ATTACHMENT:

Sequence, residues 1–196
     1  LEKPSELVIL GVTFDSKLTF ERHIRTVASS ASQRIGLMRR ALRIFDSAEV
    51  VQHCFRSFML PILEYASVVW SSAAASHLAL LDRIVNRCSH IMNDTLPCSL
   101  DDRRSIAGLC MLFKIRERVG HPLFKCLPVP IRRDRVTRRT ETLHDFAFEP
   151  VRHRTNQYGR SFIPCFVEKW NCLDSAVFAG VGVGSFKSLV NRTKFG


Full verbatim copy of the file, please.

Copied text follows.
Sequence, residues 1–196
     1  LEKPSELVIL GVTFDSKLTF ERHIRTVASS ASQRIGLMRR ALRIFDSAEV
    51  VQHCFRSFML PILEYASVVW SSAAASHLAL LDRIVNRCSH IMNDTLPCSL
   101  DDRRSIAGLC MLFKIRERVG HPLFKCLPVP IRRDRVTRRT ETLHDFAFEP
   151  VRHRTNQYGR SFIPCFVEKW NCLDSAVFAG VGVGSFKSLV NRTKFG